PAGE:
Harlan The Maiden 2006
Other Red Blends from Napa Valley, California
The Maiden represents the second selection from the estate. It is a highly detailed and sumptuous wine, remarkably faithful to the vineyard's pedigree. Accordingly, the resemblance to her "big sister" is unmistakable.
Its color is a full, deep ruby. The vibrant nose is rich in detail. The entry is currently intensely fruit-forward in a lively and refreshing way, with tremendous mouth-energy and layered flavors of blackberry, raspberry, tobacco, anise, and spice. There is a focus and linearity, reminiscent of the 1996 when it was in its youth, that bodes well for both early enjoyment and extended longevity. While it's in the early stages of its evolution, we feel it has great long-term potential.
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Wine Spectator - "Tightly wound, firm and concentrated, with a chewy core of dried currant, cedar, anise and mineral, yet for all its austerity there's a wonderful beam of ripe dark fruit that gains depth, nuance and length. Impressive for its structure and depth."
The Wine Advocate - "The 2006 The Maiden is a supple, forward, lush, full-bodied effort revealing notes of cedar, spice box, loamy soil, red and black fruits, and earth. It can be consumed now and over the next 12-14 years."
International Wine Cellar - "Good saturated ruby-red. High-pitched aromas of black cherry, licorice, violet and menthol. Thicker than the Bond Matriarch offering from the same winemaking team, but impressively vibrant for all its sweetness. Complex flavors of blackberry, raspberry, licorice, tobacco, smoke and iron are nicely framed by substantial firm-edged tannins."
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Harlan Estate Winery
For over two decades, Harlan Estate has been committed to creating a California "first growth" wine estate. Founded in 1984, Harlan Estate is set in the western hills of Oakville, rising above the fabled Napa Valley benchlands. Carved from the raw land and built for generations, the estate is over 240 acres of natural spendor, 15% of which are under vine, planted to the classic varietals: Cabernet Sauvignon, Merlot, Cabernet Franc and Petit Verdot. View all Harlan Estate Wines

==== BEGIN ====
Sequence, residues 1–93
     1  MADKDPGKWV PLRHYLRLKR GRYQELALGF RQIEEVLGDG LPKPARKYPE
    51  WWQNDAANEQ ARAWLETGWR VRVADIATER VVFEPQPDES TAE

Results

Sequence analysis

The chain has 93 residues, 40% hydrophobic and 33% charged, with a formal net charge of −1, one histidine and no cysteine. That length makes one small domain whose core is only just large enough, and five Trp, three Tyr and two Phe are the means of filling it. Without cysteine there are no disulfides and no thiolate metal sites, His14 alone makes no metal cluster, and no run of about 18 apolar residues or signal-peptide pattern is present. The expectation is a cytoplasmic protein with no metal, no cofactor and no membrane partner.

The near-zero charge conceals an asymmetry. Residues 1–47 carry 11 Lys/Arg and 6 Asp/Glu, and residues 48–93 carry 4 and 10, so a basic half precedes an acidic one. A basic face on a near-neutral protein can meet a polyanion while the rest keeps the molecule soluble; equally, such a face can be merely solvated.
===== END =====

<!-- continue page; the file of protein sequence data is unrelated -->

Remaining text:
About Napa ValleyView a map of Napa Valley wineries
It's hard not to think of Napa Valley when thinking of California wines. The region is, after all, the one that brought world recognition to California wine making. The area was settled by a few choice wine families in the 1960's who bet that the wines of the area would grow and flourish. They were right. The Napa wine industry really took off in the 1980's, when vineyard lands were scooped up and vines were planted throughout the county. A number of wineries emerged, from large conglomerates to small boutiques to cult classics. Cabernet Sauvignon is definitely the grape of choice here, with many winemakers also focusing on Bordeaux Blends. Whites are usually Chardonnay and Sauvignon Blanc.
Notable FactsWithin the Napa Valley lie smaller sub-AVAs that lend even more character specifics to the wines. Furthest south is Carneros, followed by Yountville, Oakville & Rutherford. Above those two is St.-Helena and finally, just granted an AVA, Calistoga. These areas are situated on the valley floor and are known for creating rich, smooth Cabernet Sauvignon, Merlot and Chardonnay. There are a few mountain regions as well, nestled on the slopes overlooking the valley AVAs. Those include Howell Mountain, Stags Leap and Mount Veeder. Wines from the mountain regions are often more structured and firm, benefiting from more time in the bottle to evolve and soften.
About CaliforniaIt's not rare to see a wine's country of origin listed as "California." A country into itself in the wine world, California makes enough varieties and styles to match many European wine countries. It produces a diverse range of wines that span the quality spectrum.
The most famous of the California wine regions is Napa Valley, and these wines are certainly outstanding – but it's not as broad and diverse as its larger neighbor, Sonoma County. Down south, Santa Barbara's Santa Maria Valley is well-known for its Rhône blends, as well as cool-climate varieties like Pinot and Chardonnay. The Central Coast, the largest California AVA, has many different microclimates that lead to a wide range of wines with many sub-AVAs.
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